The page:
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Low Return To Pre-Injury Level Of Sports After Multi-Ligament Knee Injury

2021 Congress Paper Abstracts

Low Return To Pre-Injury Level Of Sports After Multi-Ligament Knee Injury

Donna Blokland, MD, NETHERLANDS Bas Van Ooij, MD, NETHERLANDS Mikel L. Reilingh, MD, NETHERLANDS Nienke Wolterbeek, NETHERLANDS Jacco A. C. Zijl, MD, NETHERLANDS

Department of Orthopaedic surgery, St. Antonius Hospital, Nieuwegein, NETHERLANDS


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Summary: This study showed a relatively high overall return to sports and work after a multiple ligament knee injurie, however, less than a quarter of the patients returned to their pre-injury level of sports.


Background

Multi-ligament knee injury (MLKI) is a rare but severe injury with potential devastating complications. More awareness and knowledge is needed among health care professionals to prevent delay or missing of this diagnosis.

Purpose

The primary goal of this study was to investigate return to sports and return to work after a MLKI. Secondary outcomes were patient reported outcome measures (PROMs), the extent of the damage (i.e. which ligaments were involved and in which combination), time between trauma, diagnosis and treatment, type of treatment and neurovascular damage.
Study design: Descriptive case series.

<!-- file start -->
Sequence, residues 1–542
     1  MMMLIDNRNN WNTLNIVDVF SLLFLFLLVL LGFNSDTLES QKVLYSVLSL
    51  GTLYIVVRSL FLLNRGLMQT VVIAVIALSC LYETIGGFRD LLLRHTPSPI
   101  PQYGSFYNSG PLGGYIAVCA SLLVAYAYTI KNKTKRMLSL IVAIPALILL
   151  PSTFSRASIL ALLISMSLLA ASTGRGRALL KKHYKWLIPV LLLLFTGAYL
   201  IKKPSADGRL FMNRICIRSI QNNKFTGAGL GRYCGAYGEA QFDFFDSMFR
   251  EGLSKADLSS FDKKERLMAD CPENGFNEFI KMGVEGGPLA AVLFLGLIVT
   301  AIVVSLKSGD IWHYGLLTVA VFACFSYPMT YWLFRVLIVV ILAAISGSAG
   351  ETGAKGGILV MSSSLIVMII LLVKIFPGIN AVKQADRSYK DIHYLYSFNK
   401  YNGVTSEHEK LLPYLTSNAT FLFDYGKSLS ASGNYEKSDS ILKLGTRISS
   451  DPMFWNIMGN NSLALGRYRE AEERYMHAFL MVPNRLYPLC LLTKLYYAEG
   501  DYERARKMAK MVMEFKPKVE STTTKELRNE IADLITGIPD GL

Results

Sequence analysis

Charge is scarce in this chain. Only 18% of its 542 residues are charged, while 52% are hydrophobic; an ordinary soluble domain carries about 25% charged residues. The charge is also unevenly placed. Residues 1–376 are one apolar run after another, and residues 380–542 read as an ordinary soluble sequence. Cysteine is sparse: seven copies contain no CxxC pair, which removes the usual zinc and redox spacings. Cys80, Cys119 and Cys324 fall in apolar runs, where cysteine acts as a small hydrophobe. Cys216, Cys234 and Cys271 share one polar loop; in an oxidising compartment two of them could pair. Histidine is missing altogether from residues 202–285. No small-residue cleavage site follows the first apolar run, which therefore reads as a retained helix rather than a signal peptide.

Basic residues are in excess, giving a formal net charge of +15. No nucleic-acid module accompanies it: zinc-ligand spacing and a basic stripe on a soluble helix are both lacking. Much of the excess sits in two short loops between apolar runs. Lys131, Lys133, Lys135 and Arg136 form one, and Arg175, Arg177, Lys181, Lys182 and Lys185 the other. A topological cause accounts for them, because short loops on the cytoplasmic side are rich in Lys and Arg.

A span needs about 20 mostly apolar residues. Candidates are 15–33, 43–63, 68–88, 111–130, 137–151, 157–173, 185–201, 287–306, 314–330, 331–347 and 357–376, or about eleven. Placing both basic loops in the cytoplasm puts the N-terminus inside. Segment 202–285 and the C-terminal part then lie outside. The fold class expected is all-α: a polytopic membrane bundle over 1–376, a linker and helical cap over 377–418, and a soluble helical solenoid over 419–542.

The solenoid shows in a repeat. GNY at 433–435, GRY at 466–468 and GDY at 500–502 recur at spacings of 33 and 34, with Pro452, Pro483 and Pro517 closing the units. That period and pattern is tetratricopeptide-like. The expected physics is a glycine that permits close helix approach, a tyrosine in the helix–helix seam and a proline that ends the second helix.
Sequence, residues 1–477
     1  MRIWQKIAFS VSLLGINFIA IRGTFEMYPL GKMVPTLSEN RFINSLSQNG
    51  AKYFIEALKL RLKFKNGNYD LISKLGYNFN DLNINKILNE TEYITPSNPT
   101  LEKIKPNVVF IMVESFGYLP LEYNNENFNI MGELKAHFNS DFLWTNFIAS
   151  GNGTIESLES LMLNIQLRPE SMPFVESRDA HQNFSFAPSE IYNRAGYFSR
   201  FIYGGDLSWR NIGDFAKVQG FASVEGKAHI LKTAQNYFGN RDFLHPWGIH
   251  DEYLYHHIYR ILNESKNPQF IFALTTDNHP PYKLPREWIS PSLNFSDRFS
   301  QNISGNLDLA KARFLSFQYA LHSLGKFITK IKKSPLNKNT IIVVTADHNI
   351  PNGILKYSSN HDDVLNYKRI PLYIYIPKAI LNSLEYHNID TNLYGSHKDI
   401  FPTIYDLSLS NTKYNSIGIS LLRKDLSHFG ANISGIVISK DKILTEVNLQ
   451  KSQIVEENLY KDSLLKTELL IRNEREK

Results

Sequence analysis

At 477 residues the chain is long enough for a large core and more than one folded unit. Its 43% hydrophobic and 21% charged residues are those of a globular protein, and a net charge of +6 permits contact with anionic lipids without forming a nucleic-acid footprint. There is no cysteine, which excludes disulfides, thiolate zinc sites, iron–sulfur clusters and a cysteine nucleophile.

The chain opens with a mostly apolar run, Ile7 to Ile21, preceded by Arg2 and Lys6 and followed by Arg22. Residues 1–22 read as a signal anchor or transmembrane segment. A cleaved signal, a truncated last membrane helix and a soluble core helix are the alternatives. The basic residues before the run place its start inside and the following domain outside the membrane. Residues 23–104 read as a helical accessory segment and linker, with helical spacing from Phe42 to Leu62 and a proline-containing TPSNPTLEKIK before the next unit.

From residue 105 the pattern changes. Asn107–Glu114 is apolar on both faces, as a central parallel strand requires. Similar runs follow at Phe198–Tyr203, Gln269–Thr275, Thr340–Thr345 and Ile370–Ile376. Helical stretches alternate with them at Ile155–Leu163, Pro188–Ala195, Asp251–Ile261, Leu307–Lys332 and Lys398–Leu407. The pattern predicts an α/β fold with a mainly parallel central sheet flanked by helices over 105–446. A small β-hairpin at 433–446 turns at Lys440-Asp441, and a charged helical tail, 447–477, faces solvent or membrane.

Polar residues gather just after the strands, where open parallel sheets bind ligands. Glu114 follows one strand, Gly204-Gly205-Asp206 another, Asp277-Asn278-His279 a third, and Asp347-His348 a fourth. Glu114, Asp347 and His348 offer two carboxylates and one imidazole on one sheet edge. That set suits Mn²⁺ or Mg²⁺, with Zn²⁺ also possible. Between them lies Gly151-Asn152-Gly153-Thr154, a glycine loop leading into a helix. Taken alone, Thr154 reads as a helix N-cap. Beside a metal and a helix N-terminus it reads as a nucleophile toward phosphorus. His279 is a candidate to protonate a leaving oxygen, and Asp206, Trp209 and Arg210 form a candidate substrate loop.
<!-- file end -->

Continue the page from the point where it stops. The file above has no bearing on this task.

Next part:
Methods

A database search was performed to identify all patients with MLKI presented in our hospital between 2010 and 2017. MLKI was defined as (1) Schenck KD-II or higher, (2) combined posterior cruciate ligament (PCL) and posterolateral corner (PLC) injury, or (3) combined PCL and medial collateral ligament (MCL). Pre-defined variables were collected from patient files and patient questionnaires. Pearson product-moment correlation coefficient were computed to assess the relationship between different variables and the PROMs.

Results

31 patients were included in this study. The response rate for our primary outcomes was 87.1%. The overall return to sports rate after a MLKI was 88.5%, but only 23.1% returned to their pre-injury level of sports. 83.3% of the patients were able to return to work and 70.0% did return to pre-injury work level. A higher age at time of trauma correlated with a lower IKDC score (r=-0.60, p=0.002), a lower Lysholm score (r=-0.48, p=0.016), and higher pain scores during rest (r=0.67, p<0.001), walking (r=0.67, p<0.001) and sports (r=0.44, p=0.030). A substantial delay between trauma and diagnosis of more than three months was seen in 32.3% of the patients.

Conclusion

This study showed a relatively high overall return to sports and work after a MLKI. However, less than a quarter of the patients returned to their pre-injury level of sports. An important finding was the substantial number of patients with a delay between trauma and diagnosis.
This study contributes to more awareness of and knowledge about MLKI among involved physicians, which is essential to reduce these delays.


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